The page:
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2003 Oregon select reportable disease cases and incidence-Salmonellosis

2003 Reportable Communicable Disease Summary


Report Index

Salmonellosis

Salmonellosis is bacterial illness characterized by acute abdominal pain, diarrhea, and often fever that begins 12 hours to 5 days after infection. In cases of enterocolitis, fecal excretion usually persists for several days or weeks beyond the acute phase of illness; antibiotics generally have no effect on the illness and, in fact, may increase the duration of excretion of organisms. The majority of human infections are thought to result from the ingestion of fecally contaminated food or water. Undercooked or raw products of animal origin such as eggs, milk, meat, and poultry have been implicated as common sources of human salmonellosis. A wide range of domestic and wild animals are carriers of Salmonella, including poultry, swine, cattle, rodents, iguanas, tortoises, turtles, terrapins, chicks, dogs and cats. Though uncommon, person-to-person spread can occur in humans ? via patients, convalescent carriers and, especially, mild and unrecognized cases. The incidence of infection is highest in infants and young children.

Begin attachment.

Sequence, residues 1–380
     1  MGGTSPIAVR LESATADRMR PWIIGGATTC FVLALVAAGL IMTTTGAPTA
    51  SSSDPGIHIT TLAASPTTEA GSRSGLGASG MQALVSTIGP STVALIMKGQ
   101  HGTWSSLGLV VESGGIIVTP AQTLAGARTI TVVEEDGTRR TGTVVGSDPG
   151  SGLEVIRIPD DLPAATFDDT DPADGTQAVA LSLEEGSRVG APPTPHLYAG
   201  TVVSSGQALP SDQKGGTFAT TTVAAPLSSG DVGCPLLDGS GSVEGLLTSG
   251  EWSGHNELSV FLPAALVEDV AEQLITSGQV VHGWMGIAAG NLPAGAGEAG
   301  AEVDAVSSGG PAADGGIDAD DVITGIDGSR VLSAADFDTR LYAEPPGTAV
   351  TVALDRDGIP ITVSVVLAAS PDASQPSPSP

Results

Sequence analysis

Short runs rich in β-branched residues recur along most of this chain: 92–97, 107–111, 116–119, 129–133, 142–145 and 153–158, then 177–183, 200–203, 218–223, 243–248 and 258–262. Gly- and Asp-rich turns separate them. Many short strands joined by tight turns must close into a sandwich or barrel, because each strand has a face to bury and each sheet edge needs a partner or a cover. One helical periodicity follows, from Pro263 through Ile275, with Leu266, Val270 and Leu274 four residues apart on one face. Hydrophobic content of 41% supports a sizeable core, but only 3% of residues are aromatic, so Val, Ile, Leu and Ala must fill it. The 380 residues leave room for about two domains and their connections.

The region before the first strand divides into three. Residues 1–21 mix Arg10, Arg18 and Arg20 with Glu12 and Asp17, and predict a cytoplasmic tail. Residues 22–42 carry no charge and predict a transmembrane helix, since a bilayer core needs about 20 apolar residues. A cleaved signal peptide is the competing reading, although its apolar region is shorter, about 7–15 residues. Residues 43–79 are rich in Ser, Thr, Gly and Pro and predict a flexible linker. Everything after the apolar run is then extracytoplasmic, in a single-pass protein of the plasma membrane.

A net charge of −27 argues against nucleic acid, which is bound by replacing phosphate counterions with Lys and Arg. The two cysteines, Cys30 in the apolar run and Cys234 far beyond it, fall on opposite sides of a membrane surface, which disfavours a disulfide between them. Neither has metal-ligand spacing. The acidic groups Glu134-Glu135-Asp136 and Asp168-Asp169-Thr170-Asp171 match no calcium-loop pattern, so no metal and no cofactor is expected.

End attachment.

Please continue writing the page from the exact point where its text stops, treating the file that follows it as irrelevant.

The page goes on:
Of approximately 2,500 known serotypes, only about 200 are detected in the US in any given year. In Oregon, S. Typhimurium and S. Enteritidis are the two most commonly reported.


Salmonellosis by Year
Salmonellosis by Onset Month
Salmonellosis by Age and Sex
Salmonellosis: Oregon vs. US
Salmonellosis by County
Salmonella by Serotype
AIDS
Campylobacteriosis 
Chlamydiosis 
Cryptosporidiosis 
Escherichia coli O157 infection  
Giardiasis 
Gonorrhea 
Haemophilus influenzae infection  
Hepatitis A 
Hepatitis B (acute) 
Hepatitis B (chronic) 
Lyme Disease 
Malaria 
Measles 
Meningococcal disease 
Pertussis 
Current Page: Salmonellosis. Salmonellosis 
Shigellosis
Early Syphilis 
Tuberculosis 
Tularemia 
Yersiniosis

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Salmonellosis: Summary by Year, by Age and Sex, by County
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2003 Reportable Communicable Disease Summary
Complete
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